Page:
Yong-Young Noh1 2

1, Dongguk University, Seoul, , Korea (the Republic of)
2, Nanowearables, Seoul, , Korea (the Republic of)

For at least the past 10 years, printed electronics has promised to revolutionize our daily life by making cost-effective electronic circuits and sensors available through mass production techniques, for their ubiquitous applications in wearable components, rollable and conformable devices, and point-of-care applications. While passive components, such as conductors, resistors and capacitors, had been already fabricated by printing techniques at industrial scale, despite the great potentiality, printing processes have been struggling to meet the requirements for mass-produced electronics and optoelectronics applications. In the case of logic integrated circuits (ICs), the main limitations have been represented by the need of suitable functional inks, mainly high-mobility printable semiconductors and low sintering temperature conducting inks, and evoluted printing tools capable of higher resolution, registration and uniformity than needed in the conventional graphic arts printing sector.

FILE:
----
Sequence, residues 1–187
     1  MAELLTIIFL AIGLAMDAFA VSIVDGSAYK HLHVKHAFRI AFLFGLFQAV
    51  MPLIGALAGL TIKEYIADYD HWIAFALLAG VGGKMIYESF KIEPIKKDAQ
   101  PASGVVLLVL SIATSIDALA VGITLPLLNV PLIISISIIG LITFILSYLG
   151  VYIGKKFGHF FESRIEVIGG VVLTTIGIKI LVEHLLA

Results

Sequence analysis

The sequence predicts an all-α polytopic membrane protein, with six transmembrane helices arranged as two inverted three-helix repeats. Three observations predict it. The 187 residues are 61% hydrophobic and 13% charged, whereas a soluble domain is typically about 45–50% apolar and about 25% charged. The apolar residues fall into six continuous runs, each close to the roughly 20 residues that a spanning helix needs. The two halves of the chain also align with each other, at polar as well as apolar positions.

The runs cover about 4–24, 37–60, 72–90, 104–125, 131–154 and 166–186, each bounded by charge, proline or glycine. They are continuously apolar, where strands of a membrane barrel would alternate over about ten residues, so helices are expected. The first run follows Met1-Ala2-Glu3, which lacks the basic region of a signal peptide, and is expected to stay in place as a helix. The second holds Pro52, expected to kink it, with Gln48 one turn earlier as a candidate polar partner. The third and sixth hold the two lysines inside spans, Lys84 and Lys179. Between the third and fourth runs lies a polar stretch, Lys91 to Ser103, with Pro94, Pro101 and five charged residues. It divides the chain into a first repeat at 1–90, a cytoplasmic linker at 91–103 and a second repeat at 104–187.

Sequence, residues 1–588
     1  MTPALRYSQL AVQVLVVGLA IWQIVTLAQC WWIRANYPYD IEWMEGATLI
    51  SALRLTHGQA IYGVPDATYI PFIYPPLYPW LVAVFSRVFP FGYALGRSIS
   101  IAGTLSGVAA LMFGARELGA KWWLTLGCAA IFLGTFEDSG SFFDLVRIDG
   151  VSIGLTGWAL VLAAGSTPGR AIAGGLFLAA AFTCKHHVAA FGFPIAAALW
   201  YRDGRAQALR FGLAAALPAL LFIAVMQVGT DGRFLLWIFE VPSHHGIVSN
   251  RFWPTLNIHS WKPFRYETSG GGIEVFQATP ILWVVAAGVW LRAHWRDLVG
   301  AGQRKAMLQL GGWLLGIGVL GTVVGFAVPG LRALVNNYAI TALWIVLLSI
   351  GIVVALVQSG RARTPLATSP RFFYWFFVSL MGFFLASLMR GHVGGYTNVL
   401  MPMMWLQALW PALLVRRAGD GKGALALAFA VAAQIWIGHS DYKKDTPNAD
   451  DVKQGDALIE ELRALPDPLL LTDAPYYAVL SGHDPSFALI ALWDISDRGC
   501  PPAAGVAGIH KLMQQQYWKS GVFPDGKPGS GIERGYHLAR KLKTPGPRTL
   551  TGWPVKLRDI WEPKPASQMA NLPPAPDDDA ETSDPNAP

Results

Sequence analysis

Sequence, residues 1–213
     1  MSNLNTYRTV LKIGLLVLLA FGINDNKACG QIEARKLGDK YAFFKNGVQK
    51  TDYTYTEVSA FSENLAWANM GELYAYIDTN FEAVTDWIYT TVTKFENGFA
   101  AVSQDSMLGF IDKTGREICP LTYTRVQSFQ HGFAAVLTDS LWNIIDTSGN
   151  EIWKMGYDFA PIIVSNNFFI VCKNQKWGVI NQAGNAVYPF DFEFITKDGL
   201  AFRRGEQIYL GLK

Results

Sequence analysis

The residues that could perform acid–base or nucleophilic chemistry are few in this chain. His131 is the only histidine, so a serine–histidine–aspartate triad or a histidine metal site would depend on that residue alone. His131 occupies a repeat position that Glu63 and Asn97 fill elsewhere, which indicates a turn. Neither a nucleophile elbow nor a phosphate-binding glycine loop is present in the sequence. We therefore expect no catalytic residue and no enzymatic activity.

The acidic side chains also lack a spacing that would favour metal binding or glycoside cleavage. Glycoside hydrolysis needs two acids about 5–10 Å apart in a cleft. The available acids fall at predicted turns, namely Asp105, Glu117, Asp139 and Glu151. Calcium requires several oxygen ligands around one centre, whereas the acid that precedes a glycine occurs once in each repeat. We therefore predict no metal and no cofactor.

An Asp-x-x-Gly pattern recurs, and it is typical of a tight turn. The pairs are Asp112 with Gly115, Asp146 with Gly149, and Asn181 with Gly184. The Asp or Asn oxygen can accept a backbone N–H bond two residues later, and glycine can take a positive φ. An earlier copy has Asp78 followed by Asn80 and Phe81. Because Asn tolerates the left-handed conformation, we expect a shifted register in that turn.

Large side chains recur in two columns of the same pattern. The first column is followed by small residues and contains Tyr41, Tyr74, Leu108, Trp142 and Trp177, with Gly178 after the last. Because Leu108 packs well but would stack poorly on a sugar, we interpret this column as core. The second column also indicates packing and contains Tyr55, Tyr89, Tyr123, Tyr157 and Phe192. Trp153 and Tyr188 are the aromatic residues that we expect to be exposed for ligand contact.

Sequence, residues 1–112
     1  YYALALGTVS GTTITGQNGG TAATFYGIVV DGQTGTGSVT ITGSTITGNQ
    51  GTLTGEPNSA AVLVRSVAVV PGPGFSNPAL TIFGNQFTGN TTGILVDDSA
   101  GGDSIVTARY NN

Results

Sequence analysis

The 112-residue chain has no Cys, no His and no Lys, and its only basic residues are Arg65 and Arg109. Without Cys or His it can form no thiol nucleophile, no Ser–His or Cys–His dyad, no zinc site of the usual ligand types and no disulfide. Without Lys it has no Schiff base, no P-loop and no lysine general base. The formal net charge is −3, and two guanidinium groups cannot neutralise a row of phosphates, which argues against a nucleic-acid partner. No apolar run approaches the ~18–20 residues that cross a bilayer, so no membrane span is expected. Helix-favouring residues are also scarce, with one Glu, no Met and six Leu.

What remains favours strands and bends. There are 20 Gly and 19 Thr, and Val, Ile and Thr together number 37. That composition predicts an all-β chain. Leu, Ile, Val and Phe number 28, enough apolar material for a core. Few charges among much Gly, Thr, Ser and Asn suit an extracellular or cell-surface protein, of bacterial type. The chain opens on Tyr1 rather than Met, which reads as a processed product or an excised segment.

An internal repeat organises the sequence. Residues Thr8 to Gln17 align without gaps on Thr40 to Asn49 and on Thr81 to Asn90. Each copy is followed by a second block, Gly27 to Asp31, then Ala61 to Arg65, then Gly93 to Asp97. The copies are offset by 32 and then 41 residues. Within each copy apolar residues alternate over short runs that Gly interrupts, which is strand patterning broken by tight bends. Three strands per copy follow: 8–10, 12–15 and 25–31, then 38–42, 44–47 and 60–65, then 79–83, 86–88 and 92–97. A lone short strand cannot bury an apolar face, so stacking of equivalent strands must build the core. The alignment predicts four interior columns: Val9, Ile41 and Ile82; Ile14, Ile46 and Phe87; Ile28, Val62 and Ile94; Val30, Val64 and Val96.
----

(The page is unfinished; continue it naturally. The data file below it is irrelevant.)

In this presentation, I will give a talk on the recent progressive of my group on development of printed organic integrated circuits. I will mainly talk about on development of high performance inkjet printed unipolar and ambipolar polymer field-effect transistors (FETs), and applications to elementary organic complementary inverter, ring oscillators and various logic circuits. Several issues should be addressed including method to improve charge injection properties, reducing operating voltage, and deposition over a large area by graphic art printing processes. By development of organic semiconductors and gate dielectrics, printing processes, contact resistance, and mobility of organic semiconductors, we have obtained high field-effect mobility more than 10 cm2/Vs for both of p-channel and n-channel FETs with less than 5 V operating voltage, and ambipolar OFETs and the CMOS polymer ring oscillator showed very high operating frequency of 50 KHz. In addition, various logic circuits such as NAND, NOR, and XOR etc. were demonstrated as well.